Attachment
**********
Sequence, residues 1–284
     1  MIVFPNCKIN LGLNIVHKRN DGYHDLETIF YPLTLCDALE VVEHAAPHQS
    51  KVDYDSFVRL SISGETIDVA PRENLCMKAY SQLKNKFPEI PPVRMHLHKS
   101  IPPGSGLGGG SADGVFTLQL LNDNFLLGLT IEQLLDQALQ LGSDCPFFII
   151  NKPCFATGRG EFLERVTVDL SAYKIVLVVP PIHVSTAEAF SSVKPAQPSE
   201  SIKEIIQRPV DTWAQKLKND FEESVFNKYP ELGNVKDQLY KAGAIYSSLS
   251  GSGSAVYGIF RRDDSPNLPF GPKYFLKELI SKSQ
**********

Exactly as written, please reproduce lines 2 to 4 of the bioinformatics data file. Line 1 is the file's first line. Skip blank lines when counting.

     1  MIVFPNCKIN LGLNIVHKRN DGYHDLETIF YPLTLCDALE VVEHAAPHQS
    51  KVDYDSFVRL SISGETIDVA PRENLCMKAY SQLKNKFPEI PPVRMHLHKS
   101  IPPGSGLGGG SADGVFTLQL LNDNFLLGLT IEQLLDQALQ LGSDCPFFII